Jasmine is considered as the “Queen of fragrance” as it is exquisitely scented to soothe and refresh. In different parts of India it is called by different names such as Mogra, Motia, Chameli, Malli puvvu, Jaati, Mallige, Juhi, Moonlight in the grove.
Several species of jasmine are grown in Karnataka such as Mysore Mallige (Jasminum grandiflorum), Hadagali Mallige (Jasminum auriculatum) and Udupi Mallige (Jasminum sambac).
The ‘Udupi mallige’ (Udupi jasmine) also known as ‘Shankarapura mallige’, which enjoys a geographical indication (GI) tag has a huge demand in a market.
The cultivation of Udupi Mallige started in Shankarapura in Udupi district about 100 years ago.
There have been many families that have built their livelihoods around this famed flower.There are families that have managed to grow anywhere between 10 and 100 plants on plots ranging between 10 and 50 cents. They have educated their children, married them off and built houses from money earned from this jasmine variety. But today the situation has taken a different turn. Jasmine growers are being exploited by middlemen.
Due to dwindling production of jasmine, the price of the fragrant flower goes up to Rs 800- Rs 1,000 per ‘atte’. In local parlance, one ‘atte’ of jasmine comprises four chendus. One chendu on an average has 800 buds of jasmine woven together.
This variety of jasmine grows in Udupi’s southern regions, including Shirva, Belman, Kaup, Katapadi and Shankarapura.
Cultivators believe that the fall in production of the flowers is due to heavy rains and diseases in plants.
When Shankarapura Mallige is not available, people opt for Bhatkal Mallige.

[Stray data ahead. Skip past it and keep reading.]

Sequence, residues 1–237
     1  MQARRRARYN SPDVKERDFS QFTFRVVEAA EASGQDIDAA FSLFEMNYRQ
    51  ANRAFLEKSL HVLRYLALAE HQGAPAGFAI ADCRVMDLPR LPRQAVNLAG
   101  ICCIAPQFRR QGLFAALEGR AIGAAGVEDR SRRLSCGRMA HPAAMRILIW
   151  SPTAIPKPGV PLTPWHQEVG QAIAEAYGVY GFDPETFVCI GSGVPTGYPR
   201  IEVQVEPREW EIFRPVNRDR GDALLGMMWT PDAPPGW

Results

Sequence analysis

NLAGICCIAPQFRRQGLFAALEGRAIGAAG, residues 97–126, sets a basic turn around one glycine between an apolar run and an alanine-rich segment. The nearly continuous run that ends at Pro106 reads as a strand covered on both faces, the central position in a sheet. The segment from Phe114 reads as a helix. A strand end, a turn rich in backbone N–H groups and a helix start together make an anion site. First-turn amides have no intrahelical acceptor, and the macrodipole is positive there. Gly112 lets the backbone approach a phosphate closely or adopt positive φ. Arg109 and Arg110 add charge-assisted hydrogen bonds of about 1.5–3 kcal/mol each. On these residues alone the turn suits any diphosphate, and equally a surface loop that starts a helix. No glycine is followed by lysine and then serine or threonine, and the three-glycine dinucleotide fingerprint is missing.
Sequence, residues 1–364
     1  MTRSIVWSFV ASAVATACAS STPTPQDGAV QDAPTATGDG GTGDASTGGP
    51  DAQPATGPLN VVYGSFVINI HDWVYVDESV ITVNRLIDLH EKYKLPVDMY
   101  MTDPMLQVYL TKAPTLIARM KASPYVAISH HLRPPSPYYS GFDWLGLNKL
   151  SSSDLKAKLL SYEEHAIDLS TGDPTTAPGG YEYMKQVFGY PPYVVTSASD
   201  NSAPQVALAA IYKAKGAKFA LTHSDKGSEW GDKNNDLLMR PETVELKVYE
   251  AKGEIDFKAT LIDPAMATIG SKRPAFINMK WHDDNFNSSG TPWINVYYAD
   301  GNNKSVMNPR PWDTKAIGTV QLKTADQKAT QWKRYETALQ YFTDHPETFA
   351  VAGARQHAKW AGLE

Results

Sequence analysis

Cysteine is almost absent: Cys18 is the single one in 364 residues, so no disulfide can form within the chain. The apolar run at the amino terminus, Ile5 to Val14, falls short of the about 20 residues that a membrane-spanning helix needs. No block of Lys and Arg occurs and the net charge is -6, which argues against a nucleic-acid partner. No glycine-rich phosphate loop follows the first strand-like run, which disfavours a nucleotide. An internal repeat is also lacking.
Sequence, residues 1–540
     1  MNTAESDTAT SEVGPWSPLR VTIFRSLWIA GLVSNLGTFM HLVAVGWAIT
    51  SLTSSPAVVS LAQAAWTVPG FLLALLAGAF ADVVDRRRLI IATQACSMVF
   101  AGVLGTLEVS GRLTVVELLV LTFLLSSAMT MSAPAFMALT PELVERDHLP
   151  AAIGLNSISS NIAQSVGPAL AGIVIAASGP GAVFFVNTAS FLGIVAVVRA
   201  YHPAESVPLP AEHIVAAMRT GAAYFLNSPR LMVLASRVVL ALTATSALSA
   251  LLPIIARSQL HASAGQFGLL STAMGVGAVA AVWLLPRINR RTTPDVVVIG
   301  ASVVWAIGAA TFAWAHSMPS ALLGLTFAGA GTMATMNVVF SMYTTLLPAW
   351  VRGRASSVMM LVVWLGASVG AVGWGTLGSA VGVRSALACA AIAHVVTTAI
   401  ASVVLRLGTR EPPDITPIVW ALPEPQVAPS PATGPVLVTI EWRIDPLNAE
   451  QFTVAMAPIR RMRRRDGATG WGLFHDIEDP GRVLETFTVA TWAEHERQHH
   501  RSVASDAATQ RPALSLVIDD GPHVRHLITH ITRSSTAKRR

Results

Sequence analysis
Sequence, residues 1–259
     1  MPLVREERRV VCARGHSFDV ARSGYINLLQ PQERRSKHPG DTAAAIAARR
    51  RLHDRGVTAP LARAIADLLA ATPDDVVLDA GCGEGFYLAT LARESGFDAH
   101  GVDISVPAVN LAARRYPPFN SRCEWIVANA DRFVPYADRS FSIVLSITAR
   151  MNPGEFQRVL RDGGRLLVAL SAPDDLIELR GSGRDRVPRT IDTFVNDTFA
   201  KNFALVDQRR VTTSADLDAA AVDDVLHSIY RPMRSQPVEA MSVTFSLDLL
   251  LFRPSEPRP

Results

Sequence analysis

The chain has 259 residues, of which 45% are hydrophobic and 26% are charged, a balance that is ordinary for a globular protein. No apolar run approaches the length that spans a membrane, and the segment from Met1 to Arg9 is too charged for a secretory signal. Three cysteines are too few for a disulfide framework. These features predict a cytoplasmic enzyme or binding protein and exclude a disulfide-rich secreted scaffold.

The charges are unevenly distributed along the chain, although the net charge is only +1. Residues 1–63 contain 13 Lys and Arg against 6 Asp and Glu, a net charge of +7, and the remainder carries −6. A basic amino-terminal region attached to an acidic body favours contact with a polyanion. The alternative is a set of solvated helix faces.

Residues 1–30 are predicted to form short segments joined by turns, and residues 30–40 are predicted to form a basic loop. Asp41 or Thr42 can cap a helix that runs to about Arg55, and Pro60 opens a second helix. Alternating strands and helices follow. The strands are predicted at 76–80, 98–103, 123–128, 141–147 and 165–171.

Shankarapura Mallige’s fragrance is mild, this variety is attractive and often used for auspicious occasions.
In order to retain its identity and quality, farmers growing Udupi mallige have formed a Udupi Jasmine Growers’ Association, with the help of the Department of Horticulture. The association has applied to register Udupi mallige as a brand name, with a logo at the Trade Mark Registration office in Chennai. A brand name is also likely to push the export potential of the product and trigger demand in other parts of the country.
- Cultivation in Shankarapura jasmine started around 100 years ago.
- The flower is in high demand in Middle East and Mumbai .
- It has an export potential as it is in demand in West Asia.
- These flowers have a long shelf life and can stay fresh for about three to four days.
- These flowers are used in great demand because they are used for pujas, certain rituals and weddings.
- 800 jasmine flowers tied together make a “chendu”, four chendus (that is 2,400 flowers) together make an “atte”.